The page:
How Esau Lost

The Bible indicates that Esau, who seems to be his Father Isaac's favorite, becomes a hunter and lives skillfully off of the land. Jacob, who appears to be his mother Rebekah's favorite, stays at home sheltered by the comfort of tents and fireplaces.

Esau is so hungry that he trades his inheritance for stew, bread, and something to drink.
Esau is so hungry that he trades his inheritance for stew, bread, and something to drink. | Source

In Genesis 25:29-34, we find Esau exhausted and about to starve after an intense hunt. Jacob is cooking some red, lentil, stew. Esau is so hungry that he trades his inheritance for stew, bread, and something to drink. Before Esau eats, Jacob insists that Esau sware that the birthright is Jacob's. In so doing, Esau obtains the historical name "Edom," which means "Red." Jacob's cunning act results in the covenant that God made with Abraham, going to Jacob and his descendants rather than Esau's.

Taking It Further

What seems even more deceiving is what happens when a nearly completely blind Isaac, on his death bed, asks his son Esau to prepare one of his favorite meals; good, savory wild game. Isaac loves food cooked with wild game, and Esau knows how to make it just the way his father likes it. After Esau brings him the food, Isaac plans to state the blessings that rightfully belong to his oldest son.

Rebekah overhears the conversation. She devises a scheme to supplant the plans of her husband, Isaac. To make sure that Jacob is blessed instead of Esau, Rebekah tells Jacob to go and get two goats out of the flocks. She then cooks her husband's favorite dish and has Jacob take it to his father in Esau's stead. Rebekah is willing to take the punishment if her husband finds out about the deception. She makes the meal, dresses Jacob in Esau's clothes, and puts hairy gloves on his hands.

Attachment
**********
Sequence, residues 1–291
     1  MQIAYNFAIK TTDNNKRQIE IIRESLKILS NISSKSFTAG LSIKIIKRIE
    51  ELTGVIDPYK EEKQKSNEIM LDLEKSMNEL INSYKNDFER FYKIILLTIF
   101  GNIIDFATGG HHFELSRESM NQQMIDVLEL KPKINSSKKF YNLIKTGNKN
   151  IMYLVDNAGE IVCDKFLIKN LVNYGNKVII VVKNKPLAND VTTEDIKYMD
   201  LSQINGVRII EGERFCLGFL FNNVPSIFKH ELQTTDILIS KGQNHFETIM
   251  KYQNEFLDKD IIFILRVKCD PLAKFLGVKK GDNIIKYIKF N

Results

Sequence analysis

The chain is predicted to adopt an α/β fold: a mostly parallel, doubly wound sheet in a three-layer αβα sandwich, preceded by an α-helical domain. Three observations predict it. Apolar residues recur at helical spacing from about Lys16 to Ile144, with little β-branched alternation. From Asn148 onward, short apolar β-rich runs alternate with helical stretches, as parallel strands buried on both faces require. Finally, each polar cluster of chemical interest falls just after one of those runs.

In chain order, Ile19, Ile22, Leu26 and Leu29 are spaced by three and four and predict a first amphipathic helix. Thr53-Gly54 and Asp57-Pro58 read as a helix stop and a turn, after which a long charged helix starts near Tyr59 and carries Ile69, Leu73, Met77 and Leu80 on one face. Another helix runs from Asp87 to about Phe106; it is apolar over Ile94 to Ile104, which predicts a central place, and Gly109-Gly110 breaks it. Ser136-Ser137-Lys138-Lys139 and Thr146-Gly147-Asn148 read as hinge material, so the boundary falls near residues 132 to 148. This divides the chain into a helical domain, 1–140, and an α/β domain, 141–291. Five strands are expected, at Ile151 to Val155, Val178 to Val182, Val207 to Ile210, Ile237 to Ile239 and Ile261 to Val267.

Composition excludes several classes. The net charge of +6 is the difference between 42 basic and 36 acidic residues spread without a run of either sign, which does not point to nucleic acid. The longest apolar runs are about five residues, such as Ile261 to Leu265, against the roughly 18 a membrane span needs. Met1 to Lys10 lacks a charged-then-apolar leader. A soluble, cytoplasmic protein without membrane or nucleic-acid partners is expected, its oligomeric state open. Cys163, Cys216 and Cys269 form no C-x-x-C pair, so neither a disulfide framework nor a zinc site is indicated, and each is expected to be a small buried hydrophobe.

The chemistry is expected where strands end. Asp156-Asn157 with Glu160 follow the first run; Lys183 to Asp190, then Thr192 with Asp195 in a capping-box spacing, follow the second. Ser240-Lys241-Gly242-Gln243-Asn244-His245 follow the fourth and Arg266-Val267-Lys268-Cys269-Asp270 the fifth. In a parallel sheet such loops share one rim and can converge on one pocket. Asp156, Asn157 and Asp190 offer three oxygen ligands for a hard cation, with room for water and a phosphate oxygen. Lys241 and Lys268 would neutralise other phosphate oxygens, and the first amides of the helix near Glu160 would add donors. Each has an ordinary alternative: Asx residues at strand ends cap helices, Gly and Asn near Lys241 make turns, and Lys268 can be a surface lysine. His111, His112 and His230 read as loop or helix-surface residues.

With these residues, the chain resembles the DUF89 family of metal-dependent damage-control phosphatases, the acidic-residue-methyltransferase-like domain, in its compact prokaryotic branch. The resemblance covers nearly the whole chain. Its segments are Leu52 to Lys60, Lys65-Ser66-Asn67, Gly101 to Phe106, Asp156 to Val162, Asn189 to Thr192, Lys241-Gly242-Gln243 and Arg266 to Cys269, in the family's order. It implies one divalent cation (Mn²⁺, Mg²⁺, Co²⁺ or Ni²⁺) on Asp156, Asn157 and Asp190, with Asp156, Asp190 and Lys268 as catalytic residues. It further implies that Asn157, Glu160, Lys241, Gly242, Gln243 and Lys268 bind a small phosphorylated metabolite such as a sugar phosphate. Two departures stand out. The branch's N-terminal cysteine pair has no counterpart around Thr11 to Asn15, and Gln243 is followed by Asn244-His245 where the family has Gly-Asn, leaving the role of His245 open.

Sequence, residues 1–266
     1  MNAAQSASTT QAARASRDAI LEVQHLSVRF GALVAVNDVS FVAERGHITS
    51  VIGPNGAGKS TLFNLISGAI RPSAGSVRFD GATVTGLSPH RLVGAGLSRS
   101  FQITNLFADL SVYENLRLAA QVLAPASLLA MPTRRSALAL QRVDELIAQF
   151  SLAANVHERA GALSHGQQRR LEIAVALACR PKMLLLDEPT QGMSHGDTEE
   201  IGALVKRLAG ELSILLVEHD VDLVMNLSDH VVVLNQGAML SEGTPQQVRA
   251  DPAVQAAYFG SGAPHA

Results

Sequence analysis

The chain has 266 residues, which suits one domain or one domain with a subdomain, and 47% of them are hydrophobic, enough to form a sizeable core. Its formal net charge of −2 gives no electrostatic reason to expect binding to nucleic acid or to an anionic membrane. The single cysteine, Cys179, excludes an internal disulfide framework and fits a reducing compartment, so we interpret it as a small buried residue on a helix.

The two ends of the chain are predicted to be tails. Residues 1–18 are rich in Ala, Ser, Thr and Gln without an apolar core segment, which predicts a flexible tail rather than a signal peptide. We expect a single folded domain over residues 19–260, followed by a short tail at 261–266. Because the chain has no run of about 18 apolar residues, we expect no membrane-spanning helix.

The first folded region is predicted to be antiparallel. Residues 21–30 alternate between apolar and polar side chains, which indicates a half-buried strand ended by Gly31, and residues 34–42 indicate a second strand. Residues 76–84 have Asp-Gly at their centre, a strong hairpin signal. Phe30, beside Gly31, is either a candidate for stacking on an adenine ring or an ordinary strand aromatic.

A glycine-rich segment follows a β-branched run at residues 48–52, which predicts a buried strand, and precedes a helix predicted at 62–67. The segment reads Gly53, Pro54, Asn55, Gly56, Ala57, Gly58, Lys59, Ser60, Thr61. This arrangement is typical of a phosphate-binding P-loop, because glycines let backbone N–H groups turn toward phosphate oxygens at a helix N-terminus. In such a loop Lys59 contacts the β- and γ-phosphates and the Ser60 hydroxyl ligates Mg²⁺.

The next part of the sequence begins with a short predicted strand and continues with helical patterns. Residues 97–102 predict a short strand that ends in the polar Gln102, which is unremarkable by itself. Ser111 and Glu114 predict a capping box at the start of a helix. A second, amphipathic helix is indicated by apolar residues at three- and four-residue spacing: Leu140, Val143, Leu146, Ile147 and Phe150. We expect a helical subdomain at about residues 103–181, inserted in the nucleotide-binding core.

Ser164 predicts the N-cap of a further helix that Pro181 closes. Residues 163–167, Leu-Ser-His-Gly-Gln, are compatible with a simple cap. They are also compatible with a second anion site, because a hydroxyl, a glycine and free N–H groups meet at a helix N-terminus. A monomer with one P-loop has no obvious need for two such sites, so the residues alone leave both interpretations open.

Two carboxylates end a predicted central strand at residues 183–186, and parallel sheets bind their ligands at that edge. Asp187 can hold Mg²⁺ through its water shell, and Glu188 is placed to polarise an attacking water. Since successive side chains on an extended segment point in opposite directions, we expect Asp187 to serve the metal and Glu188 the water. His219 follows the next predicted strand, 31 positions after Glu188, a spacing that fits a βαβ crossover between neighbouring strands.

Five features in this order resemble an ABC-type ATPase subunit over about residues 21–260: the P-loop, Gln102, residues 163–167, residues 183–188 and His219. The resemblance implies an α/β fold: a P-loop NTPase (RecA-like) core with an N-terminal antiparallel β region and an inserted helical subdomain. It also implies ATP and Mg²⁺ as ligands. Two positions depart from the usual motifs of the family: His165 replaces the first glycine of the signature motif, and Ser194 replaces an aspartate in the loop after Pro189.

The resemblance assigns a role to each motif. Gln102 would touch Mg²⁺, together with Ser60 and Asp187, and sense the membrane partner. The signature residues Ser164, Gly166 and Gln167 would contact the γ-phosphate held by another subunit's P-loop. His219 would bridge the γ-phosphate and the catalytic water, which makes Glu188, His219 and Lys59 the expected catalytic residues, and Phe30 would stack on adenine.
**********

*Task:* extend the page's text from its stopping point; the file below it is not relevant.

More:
Rebekah helps her son Jacob to deceive her husband, Isaac.
Rebekah helps her son Jacob to deceive her husband, Isaac. | Source

In case Isaac, his Father, touches him, the furry gloves allow smooth skin Jacob to feel like his hair-covered brother Esau. The plan works. Jacob, who already has stolen his brother's birthright, now also has his blessing. Some scholars have said that Isaac knew that he was blessing Jacob all along. They contend that Isaac was fulfilling the will of God. Jacob, however, really attempted fraud. After Jacob leaves, Esau comes in and virtually gets nothing.

In his anger and disappointment, Esau feels like killing Jacob, his brother.
In his anger and disappointment, Esau feels like killing Jacob, his brother. | Source

In his anger and disappointment, Esau feels like killing his brother. Heeding his mother's advice, Jacob flees his father's place in Beersheba and hightails it to Haran, where his uncle Laban, Rebekah's brother lives.

The Vision

Forced to abandon the comforts of home, Jacob, on the way to Haran, finds himself in the mountainous, uncharted wilderness of a strange land. He eventually makes camp in a place later to be renamed Bethel (the place where God lives).